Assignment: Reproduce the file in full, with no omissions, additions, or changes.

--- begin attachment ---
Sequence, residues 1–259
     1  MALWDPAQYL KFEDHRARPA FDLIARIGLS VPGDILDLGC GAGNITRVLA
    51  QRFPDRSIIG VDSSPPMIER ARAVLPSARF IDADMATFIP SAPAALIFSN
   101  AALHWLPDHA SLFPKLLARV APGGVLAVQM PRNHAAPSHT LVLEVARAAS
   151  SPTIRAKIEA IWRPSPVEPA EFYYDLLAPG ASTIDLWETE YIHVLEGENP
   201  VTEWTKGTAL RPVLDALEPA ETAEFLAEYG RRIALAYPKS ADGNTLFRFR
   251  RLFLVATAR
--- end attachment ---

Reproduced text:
Sequence, residues 1–259
     1  MALWDPAQYL KFEDHRARPA FDLIARIGLS VPGDILDLGC GAGNITRVLA
    51  QRFPDRSIIG VDSSPPMIER ARAVLPSARF IDADMATFIP SAPAALIFSN
   101  AALHWLPDHA SLFPKLLARV APGGVLAVQM PRNHAAPSHT LVLEVARAAS
   151  SPTIRAKIEA IWRPSPVEPA EFYYDLLAPG ASTIDLWETE YIHVLEGENP
   201  VTEWTKGTAL RPVLDALEPA ETAEFLAEYG RRIALAYPKS ADGNTLFRFR
   251  RLFLVATAR